"It's hard to comprehend how such systemic abuse could go on for as long as it did without intervention and despite families repeatedly raising the alarm.

"But, as the report acknowledges, simply closing the door on Oakden leaves open the very real possibility that similar failures could be perpetuated in the future in other settings. We cannot allow that to happen.

"We must use the lessons of Oakden to ensure that our services for vulnerable older people work with, not against, families, that governance and accountability is clear, that they follow best practice, that they are staffed by our very best people and that they are places of safety and care.

"Our accreditation systems need to be more robust to ensure families can be 100% confident in the care of their loved ones. Oakden, during the time of the scandal, got full marks, and this put a question mark over the credibility of the accreditation system that's designed to protect us and that we all rely upon as a measure of quality."

Ms Mussared said she saluted the families who, against the odds, stuck to their convictions and made sure their voices and concerns were heard.

"A further shame of Oakden is that it casts a shadow over the many very good aged care workers who do a wonderful job every day. But Oakden should serve as a terrible example of what can go wrong and why it's up to all of those with an opportunity to do so, to be vigilant, to speak out and to report anything you see or hear that doesn't feel quite right."

Ms Mussared said since the publication of The Closing the Gap report in 2011, there had been several very serious incidents including at accredited aged care facilities like Oakden, suggesting a review and repair of the holes in the legislative safeguards, redress and services available were urgently required.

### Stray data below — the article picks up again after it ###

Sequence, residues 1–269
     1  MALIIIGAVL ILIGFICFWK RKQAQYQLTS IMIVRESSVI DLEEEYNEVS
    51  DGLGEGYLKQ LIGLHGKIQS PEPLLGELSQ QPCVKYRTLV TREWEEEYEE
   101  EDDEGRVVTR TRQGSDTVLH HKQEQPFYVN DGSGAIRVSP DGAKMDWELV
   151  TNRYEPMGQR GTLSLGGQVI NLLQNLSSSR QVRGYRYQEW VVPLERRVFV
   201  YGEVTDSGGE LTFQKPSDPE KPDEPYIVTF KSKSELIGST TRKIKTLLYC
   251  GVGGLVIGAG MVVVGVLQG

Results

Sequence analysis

"We need to put everything on the table, from the models of care, the culture, staff competency, governance and accreditation. Topdown failures mean we need to rebuilt from the ground up and the time is now," she said.

"We are advocating for a more comprehensive approach, particularly given legislative change is likely to take some time. The State Government must develop and implement a coordinated response framework, informed by a clear human rights perspective."
Chief Executive of Aged Care Services Australia, Pat Sparrow said "suffering like that experienced by some of our most vulnerable fellow citizens should never occur in a civilised society.

"ACSA hopes Commissioner Lander's final report will help to inform governments of better policies to support older Australians, particularly when it comes to access to mental health services from within residential aged care."

Anyone with concerns about people in aged care can contact the national Aged Care Complaints Commissioner, a state-based elder abuse agency or the Police.